The importance of architecture is that it pulls together a complete holistic view of the business services and the requirements to effectively support them. How much bandwidth is required, what is the tolerable round trip delay, tolerance for packet loss are all considerations that will go into building that strong foundation that is required for success. In today’s world of BYOD, the expectation is that these services will be available and perform flawlessly over wired, wireless and VPN.
I set a goal to increase the speed performance of my sailboat and purchased brand new sails to reach this goal. After installing the sails, it was clear that I had gained no additional speed. After doing a bottoms-up assessment of the vessel, I realized that the hull was covered with barnacles. Without a clean hull, adding sails will not deliver the desired result. Trying to deploy a business service, such as a voice or video solution, over a network that is not designed for it will also fail to deliver the desired. Most problems with deploying advanced technologies lie within the foundational network rather than the advanced technologies themselves. Your network, like the hull of my boat, is the foundation of your business services. If this is not solid, the chances are the higher level services that rely on this “foundation” will likely not delivery the desired results. A holistic approach will take into consideration the business services that must run over the network and use this to build out an effective foundation. Read this success story on how Ecobank deployed collaboration solutions based on a solid infrastructure. You can also see how optimization has benefited other companies in this infographic.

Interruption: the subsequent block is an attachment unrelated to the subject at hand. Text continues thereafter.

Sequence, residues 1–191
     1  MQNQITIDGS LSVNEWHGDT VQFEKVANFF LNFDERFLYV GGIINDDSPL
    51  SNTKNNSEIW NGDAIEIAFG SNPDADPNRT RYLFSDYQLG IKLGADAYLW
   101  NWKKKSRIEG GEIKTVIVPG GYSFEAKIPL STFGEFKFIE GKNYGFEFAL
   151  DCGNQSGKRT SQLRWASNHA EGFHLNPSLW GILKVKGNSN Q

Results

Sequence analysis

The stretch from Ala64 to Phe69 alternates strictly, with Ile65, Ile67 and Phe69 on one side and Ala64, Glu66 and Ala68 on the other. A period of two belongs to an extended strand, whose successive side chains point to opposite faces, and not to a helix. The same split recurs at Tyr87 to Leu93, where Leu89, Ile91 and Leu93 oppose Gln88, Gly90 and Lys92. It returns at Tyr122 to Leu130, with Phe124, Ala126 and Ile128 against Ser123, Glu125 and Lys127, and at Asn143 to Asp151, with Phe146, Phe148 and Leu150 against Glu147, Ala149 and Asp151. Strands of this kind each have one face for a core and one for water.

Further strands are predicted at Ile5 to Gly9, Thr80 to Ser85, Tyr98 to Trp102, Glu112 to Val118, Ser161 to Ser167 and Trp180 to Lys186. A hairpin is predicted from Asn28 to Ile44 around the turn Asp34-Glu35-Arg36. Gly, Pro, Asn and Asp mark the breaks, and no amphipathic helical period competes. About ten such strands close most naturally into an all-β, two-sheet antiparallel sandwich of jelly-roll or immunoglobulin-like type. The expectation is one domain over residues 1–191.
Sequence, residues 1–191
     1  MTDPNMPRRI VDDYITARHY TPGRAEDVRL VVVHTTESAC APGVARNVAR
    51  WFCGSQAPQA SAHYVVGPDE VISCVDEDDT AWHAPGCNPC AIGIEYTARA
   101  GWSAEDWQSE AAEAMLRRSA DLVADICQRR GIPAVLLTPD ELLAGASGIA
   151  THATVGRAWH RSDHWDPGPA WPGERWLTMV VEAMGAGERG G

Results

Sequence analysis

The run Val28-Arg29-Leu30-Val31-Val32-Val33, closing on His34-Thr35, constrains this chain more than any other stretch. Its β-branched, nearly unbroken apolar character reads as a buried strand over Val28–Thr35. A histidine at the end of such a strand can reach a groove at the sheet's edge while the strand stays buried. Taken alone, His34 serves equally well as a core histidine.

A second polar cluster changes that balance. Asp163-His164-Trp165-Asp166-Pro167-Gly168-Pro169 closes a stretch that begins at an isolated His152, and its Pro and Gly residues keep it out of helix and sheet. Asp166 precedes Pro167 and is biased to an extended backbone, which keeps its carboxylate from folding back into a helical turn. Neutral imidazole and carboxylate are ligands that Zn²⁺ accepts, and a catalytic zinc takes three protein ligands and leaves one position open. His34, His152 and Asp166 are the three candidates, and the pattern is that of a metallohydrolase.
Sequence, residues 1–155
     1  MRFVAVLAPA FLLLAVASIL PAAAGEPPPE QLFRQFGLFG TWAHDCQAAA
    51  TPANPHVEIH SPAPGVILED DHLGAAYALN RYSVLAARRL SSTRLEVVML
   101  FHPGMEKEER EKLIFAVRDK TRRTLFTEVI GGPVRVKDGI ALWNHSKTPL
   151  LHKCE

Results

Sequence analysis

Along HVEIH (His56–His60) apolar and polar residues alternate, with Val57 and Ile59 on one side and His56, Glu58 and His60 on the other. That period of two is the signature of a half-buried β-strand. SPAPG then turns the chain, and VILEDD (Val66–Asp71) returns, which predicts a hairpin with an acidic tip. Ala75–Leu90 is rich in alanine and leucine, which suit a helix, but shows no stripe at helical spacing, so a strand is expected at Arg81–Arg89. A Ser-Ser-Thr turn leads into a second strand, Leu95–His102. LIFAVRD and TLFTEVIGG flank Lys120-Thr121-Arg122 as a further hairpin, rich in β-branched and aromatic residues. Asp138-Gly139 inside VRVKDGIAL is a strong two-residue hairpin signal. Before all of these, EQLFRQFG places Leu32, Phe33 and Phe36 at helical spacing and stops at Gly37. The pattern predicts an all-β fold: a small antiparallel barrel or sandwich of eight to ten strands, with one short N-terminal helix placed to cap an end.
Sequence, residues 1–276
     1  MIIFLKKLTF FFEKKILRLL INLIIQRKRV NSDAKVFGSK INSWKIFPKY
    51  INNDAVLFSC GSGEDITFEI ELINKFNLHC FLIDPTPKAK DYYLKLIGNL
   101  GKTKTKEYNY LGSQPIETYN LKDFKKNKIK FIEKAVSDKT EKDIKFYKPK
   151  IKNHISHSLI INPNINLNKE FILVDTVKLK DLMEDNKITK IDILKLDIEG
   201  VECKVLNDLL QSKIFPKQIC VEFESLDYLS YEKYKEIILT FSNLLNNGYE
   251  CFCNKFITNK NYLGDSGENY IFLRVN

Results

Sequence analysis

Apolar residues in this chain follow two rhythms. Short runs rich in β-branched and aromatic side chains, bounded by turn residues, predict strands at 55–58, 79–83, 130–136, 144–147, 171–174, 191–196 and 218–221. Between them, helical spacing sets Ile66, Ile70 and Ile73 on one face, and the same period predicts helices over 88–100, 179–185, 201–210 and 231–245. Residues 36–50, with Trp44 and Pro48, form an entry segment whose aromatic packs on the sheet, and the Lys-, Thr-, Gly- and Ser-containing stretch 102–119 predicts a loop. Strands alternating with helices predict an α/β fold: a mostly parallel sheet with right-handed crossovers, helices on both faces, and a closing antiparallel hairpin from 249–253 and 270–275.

Stay tuned for my next posts where I’ll cover proven strategies for optimizing your network.
Tags: infographic, optimization, ROI
See how simple Unified Access can be!
Cisco Unified Access delivers a unique solution for enterprises facing a BYOD world: one policy, one management, and one network for wired, wireless, and virtual private networks. It helps businesses deliver new connected experiences, as opposed to getting bogged down by operational complexity.Skeptical? Click on the image to the right to try a brief, modular demo that illustrates just how simple Unified Access can be.
The demo shows the value and ease-of-use of the Cisco Unified Access solution through common enterprise use cases. The demo also highlights the increased visibility, control, flexibility and security enabled by the Cisco Unified Access architecture. Read More »
Tags: Cisco Demo, connected mobile experiences, Contextual policy, unified access, unified_access